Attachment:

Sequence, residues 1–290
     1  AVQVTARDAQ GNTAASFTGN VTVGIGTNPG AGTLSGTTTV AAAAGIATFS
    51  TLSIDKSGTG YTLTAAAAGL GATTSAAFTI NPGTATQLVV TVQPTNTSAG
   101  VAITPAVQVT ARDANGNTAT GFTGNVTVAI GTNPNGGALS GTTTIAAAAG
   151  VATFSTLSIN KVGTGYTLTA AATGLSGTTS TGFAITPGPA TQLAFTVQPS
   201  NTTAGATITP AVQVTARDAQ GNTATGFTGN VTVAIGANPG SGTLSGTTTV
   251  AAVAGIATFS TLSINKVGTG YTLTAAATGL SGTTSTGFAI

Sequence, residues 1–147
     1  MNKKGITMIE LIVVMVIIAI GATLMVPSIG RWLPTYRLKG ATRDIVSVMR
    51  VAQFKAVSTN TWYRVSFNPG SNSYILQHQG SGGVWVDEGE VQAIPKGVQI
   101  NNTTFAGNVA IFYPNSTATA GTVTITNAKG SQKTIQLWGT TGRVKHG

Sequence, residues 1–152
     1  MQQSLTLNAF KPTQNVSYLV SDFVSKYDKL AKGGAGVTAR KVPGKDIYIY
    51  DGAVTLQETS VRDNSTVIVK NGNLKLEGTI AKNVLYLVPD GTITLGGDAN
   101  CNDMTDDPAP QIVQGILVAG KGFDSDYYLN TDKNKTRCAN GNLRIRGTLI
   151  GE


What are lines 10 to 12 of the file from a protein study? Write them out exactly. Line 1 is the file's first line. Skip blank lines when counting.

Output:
    51  VAQFKAVSTN TWYRVSFNPG SNSYILQHQG SGGVWVDEGE VQAIPKGVQI
   101  NNTTFAGNVA IFYPNSTATA GTVTITNAKG SQKTIQLWGT TGRVKHG

Sequence, residues 1–152